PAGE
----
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The use of the in keyword in a comparision??

 
 
Morgan
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      12-12-2005
Hi all,

I was messing around with someone elses script when I noticed that he
had used the in keyword in an if conditional to compare a string with a
object. I've never seen this used and was wondering about the logic
behind it. I had previously assumed that the in keyword passed the
properties of an object to a variable, as you do in a for/in loop. How
is it that it can be used in a comparsion?

example:

var elements = {'html':true}

var myElement = "html";

if(myElement in elements)
alert("True");

 
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Thomas 'PointedEars' Lahn
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      12-12-2005
Morgan wrote:

> I was messing around with someone elses script when I noticed that
> he had used the in keyword in an if conditional to compare a string
> with a object.


The `in' operation in a boolean expression does not compare a string
with an object, it evaluates to `true' iff the referred object has a
property with the string as name or inherits that from its prototype.

RTFM: <URL:http://jibbering.com/faq/#FAQ3_2>


PointedEars
 
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RobG
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      12-12-2005
Thomas 'PointedEars' Lahn wrote:
> Morgan wrote:
>
>
>>I was messing around with someone elses script when I noticed that
>>he had used the in keyword in an if conditional to compare a string
>>with a object.

>
>
> The `in' operation in a boolean expression does not compare a string
> with an object, it evaluates to `true' iff the referred object has a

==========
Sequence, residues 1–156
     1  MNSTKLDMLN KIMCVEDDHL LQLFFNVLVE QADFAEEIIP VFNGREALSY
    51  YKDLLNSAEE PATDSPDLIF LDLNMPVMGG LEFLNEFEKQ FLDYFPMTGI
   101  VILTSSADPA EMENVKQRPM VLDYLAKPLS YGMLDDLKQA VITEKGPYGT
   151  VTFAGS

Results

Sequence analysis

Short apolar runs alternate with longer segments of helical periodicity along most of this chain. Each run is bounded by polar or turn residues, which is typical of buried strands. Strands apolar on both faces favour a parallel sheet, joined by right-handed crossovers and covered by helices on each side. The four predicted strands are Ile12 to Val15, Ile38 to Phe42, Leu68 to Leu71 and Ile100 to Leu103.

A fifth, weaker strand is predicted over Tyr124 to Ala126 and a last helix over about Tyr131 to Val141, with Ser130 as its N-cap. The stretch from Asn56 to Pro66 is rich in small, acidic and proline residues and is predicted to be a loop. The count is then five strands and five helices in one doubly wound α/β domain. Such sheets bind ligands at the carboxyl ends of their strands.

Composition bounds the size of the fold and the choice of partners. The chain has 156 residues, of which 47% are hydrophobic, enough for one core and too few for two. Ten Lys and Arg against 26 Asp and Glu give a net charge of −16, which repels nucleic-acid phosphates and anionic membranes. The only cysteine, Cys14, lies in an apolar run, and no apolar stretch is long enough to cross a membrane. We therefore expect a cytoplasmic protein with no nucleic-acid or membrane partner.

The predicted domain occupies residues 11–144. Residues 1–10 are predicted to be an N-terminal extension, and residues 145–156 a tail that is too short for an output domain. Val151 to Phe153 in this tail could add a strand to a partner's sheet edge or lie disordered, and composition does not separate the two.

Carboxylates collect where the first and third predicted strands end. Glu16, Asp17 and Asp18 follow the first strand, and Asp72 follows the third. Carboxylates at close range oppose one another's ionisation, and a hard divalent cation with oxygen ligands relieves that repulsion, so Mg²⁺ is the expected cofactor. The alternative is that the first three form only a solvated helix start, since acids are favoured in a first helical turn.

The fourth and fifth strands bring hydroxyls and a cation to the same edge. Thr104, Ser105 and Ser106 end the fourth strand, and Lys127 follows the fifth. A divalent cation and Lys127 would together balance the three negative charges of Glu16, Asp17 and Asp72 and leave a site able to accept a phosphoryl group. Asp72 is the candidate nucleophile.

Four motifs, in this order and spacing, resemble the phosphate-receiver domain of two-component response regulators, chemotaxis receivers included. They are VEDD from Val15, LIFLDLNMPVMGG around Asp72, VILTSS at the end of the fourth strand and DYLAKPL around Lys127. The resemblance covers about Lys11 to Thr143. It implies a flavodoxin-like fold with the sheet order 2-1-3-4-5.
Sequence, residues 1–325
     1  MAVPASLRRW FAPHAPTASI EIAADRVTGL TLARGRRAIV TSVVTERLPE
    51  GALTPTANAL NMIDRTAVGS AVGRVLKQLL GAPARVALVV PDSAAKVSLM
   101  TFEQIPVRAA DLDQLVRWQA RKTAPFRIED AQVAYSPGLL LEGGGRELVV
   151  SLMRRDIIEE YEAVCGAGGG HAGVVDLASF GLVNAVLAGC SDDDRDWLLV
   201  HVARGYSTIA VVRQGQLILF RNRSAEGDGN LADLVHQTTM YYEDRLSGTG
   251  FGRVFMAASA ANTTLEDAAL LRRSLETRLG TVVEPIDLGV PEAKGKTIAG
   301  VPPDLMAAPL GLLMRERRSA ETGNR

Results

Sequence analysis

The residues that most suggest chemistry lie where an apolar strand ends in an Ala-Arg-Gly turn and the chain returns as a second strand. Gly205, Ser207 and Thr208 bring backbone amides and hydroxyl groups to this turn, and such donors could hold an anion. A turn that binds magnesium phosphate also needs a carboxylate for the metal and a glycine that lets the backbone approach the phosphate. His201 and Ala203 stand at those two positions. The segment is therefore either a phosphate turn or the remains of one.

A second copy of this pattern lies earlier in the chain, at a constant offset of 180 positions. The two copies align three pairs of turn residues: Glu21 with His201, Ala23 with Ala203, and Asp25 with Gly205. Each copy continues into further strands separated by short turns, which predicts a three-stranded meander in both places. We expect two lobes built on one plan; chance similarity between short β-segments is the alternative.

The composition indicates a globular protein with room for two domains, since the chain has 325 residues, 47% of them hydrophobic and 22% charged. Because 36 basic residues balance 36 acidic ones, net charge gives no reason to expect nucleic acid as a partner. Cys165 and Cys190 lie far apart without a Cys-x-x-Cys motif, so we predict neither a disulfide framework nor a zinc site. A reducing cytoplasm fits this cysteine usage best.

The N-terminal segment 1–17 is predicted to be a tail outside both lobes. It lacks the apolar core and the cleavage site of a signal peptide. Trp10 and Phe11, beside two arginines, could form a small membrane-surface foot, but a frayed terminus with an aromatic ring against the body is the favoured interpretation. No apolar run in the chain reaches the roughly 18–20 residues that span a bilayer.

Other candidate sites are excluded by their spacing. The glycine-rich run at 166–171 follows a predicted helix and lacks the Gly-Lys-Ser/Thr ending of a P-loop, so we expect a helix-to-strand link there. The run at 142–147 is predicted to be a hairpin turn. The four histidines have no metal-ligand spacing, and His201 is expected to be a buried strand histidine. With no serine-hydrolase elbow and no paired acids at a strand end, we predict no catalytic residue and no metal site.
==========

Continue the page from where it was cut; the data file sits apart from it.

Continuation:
> property with the string as name or inherits that from its prototype.
>
> RTFM: <URL:http://jibbering.com/faq/#FAQ3_2>
>


Gee Thomas, that was a bit obscure - Section 3.2 has 30 links. :-p

For the OP, it's covered in the ECMAScript Language Specification
Section 11.8.7 and Mozilla Developer Center here:

<URL:
http://developer.mozilla.org/en/docs...rs:in_Operator
>


Another way of writing it is:

var elements = {'html':true}
var myElement = "html";
if( elements[myElement] ) {
alert("True");
}


Presumably the idea is to use the value if the property exists, so using
a style that even Thomas should be happy with:

var o = elements && elements[myElement];
// if elements exists and has a property with a name that
// matches the value of myElement, 'o' is set to the
// value of elements[myElement]
// Otherwise 'o' will be set to undefined.

if ('undefined' == typeof o){ // Or test for ! a specific type

// Handle not getting (a specific typeof) o.
alert('No property with name ' + myElement);
return;
}

// Use o...
alert( o );



--
Rob
 
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Thomas 'PointedEars' Lahn
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      12-13-2005
RobG wrote:

> Thomas 'PointedEars' Lahn wrote:
>> Morgan wrote:
>>> I was messing around with someone elses script when I noticed that
>>> he had used the in keyword in an if conditional to compare a string
>>> with a object.

>> The `in' operation in a boolean expression does not compare a string
>> with an object, it evaluates to `true' iff the referred object has a
>> property with the string as name or inherits that from its prototype.
>>
>> RTFM: <URL:http://jibbering.com/faq/#FAQ3_2>